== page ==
Forty years ago on January 27, 1973, the U.S. War in Viet Nam officially concluded with the signing of the Paris Peace Accord. It was then the longest war in U.S. history; although commonly dated as beginning in 1965 with American bombing and ground-troop campaigns, U.S. involvement in Viet Nam actually extended back to the end of World War II.
In the aftermath of this global war, the Vietnamese under Ho Chi Minh sought political independence from the French, fighting the First Indochinese War. During this nine-year conflict, the U.S. supported France’s campaign to recolonize Viet Nam and towards the end was financing 80% of the military costs of this losing effort.
The Vietnamese victory on the battlefield was tempered by the 1954 Geneva Accords, which mandated a temporary division of the country at the 17th parallel but promised national elections within two years’ time. Determined to prevent reunification of Vietnam under the leadership of Ho Chi Minh, the likely victor of national elections, the U.S. supported a series of anti-communist and dictatorial political leaders who formed the Republic of Viet Nam in the South. This financial and military commitment led to covert as well as overt conflicts against the Democratic Republic of Viet Nam in the North and the National Liberation Front in the South. The Vietnamese call it the U.S. War in Viet Nam or the Second Indochinese War; Americans call it the Viet Nam War.
By any name it was particularly brutal. As Peter Arnett reported in the New York Times in 1968, an unidentified U.S. military officer explained a military attack on a Vietnamese village by saying, “It became necessary to destroy the town to save it.” The quote encapsulates the tragic irony of U.S. strategy in South Viet Nam. In order to save the country from communism, American politicians and the military destroyed the land and its people.
In total, U.S. pilots dropped more than three times the tonnage of bombs on Viet Nam as it dropped anywhere during World War II. In fact, twice as many bombs rained down in the South, America’s ally, as in the North, the designated enemy.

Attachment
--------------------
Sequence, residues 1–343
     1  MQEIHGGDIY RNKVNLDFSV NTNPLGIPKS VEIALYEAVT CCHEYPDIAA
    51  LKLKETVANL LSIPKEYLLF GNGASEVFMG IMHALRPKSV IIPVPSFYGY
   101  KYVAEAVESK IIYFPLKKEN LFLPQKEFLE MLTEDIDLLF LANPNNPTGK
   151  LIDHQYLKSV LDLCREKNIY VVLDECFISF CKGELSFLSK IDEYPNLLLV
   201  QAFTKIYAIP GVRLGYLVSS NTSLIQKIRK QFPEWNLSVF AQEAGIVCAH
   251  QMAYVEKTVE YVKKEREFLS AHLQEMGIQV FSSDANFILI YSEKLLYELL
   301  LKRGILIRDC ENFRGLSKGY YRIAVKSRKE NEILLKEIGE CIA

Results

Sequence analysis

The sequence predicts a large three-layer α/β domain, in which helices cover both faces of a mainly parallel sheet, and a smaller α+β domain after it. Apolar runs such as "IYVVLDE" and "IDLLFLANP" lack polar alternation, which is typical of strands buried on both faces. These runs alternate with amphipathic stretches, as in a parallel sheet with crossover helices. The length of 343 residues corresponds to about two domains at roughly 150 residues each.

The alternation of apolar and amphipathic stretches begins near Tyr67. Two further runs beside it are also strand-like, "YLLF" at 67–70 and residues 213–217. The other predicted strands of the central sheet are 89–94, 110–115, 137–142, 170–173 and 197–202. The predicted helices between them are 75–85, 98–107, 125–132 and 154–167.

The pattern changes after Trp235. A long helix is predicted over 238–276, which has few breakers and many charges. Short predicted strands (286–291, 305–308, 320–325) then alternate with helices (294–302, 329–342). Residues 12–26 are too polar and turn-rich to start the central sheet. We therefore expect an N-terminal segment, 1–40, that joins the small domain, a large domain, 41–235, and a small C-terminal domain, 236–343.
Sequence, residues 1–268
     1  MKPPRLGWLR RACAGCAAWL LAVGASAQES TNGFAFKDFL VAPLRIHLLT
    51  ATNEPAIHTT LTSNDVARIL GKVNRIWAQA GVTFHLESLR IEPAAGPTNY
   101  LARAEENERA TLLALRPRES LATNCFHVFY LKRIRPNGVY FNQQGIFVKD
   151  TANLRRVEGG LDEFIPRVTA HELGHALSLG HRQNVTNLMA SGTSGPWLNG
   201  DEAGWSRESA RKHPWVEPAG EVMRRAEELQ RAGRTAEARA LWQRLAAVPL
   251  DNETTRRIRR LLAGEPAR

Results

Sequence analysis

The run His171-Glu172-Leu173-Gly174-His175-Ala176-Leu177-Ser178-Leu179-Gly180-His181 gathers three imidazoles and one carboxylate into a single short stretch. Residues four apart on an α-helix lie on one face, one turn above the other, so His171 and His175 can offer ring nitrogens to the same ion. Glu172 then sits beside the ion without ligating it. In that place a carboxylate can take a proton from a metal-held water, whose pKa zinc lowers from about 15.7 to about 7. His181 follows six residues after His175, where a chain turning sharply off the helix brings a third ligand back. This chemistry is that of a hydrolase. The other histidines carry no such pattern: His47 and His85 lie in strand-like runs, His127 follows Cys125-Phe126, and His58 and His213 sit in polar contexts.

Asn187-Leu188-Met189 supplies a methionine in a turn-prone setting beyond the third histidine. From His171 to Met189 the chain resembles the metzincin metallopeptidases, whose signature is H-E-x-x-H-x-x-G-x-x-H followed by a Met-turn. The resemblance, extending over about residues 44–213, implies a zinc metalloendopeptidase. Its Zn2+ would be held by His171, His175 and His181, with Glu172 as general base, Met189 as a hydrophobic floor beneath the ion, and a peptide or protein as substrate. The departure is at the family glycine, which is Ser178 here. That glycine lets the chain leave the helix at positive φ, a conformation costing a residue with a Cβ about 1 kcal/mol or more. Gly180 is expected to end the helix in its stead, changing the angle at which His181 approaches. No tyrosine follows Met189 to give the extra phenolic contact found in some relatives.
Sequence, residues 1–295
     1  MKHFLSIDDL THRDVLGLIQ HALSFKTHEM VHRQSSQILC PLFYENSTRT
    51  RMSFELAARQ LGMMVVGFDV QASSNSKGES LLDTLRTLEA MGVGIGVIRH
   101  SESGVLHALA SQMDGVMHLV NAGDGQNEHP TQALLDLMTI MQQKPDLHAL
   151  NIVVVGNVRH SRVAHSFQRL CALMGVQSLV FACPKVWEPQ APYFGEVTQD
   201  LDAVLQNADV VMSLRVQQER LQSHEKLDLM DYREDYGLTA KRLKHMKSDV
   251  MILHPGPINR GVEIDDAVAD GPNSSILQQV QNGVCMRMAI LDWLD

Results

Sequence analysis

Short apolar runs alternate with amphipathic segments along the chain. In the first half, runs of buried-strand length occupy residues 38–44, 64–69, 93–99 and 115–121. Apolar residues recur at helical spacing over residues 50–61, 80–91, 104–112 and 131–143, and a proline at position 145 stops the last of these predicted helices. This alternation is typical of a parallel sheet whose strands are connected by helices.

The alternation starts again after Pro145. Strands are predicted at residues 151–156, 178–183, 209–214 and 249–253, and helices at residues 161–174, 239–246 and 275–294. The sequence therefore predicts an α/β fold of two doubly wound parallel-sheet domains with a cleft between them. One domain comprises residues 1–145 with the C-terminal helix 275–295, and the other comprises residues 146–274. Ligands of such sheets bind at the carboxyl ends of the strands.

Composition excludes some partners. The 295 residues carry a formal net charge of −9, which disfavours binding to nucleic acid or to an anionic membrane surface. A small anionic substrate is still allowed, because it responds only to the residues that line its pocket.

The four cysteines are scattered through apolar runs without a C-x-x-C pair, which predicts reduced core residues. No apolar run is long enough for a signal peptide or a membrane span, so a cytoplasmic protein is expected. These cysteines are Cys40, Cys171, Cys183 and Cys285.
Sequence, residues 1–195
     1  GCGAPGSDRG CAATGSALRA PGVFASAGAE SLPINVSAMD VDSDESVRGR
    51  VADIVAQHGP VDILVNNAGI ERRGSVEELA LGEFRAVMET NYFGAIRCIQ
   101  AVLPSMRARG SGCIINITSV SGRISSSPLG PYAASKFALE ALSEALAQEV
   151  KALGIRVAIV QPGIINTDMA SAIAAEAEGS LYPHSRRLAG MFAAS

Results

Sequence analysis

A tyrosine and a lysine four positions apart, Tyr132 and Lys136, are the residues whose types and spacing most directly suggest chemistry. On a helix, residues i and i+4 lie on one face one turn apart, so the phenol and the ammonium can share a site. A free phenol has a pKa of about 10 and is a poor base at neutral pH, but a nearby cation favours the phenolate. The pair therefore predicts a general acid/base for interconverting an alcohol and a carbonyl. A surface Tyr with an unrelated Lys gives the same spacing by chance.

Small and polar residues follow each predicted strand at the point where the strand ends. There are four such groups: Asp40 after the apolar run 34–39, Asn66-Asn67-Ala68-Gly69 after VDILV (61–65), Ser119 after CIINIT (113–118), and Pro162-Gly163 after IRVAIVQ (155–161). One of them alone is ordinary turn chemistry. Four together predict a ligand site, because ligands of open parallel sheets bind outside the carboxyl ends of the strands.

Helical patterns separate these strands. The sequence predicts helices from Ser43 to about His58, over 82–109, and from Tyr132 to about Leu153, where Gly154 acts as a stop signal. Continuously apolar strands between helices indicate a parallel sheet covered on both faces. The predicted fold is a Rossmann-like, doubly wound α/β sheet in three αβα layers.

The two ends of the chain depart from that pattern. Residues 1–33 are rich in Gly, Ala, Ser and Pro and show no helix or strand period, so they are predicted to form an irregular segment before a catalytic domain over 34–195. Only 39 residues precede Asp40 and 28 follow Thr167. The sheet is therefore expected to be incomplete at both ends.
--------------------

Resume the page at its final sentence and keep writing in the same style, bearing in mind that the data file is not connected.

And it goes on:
The bombs were not just intended to destroy military targets, which include military sites or the manufacturing, transportation, and communication infrastructure. Despite U.S. government denials, eye-witness accounts by American travelers and international journalists indicate that residential areas, schools, hospitals, and dikes that could cause flooding and widespread famine were bombed repeatedly. In addition, the U.S. military used cluster bombs, which maximized human injury through the explosive dispersal of tiny bomb fragments that made detection and extraction difficult.
Americans also deployed chemical warfare, using Agent Orange and napalm to defoliate forests and burn down villages. These biological weapons have had long-lasting effects on both the ecology and people of Viet Nam.
Seeking to contain the National Liberation Front and its supporters, the U.S. military and the South Vietnamese government designated certain villages and its surrounding countryside as “free fire zones.” Any person living or working in these areas was considered a likely enemy. As Mary Hershberger writes in Traveling to Vietnam: American Peace Activists and the War: villagers were rounded up into “‘strategic hamlets,’ which the Vietnamese called concentration camps. These hamlets were surrounded by barbed wire and required passes for those leaving and entering.”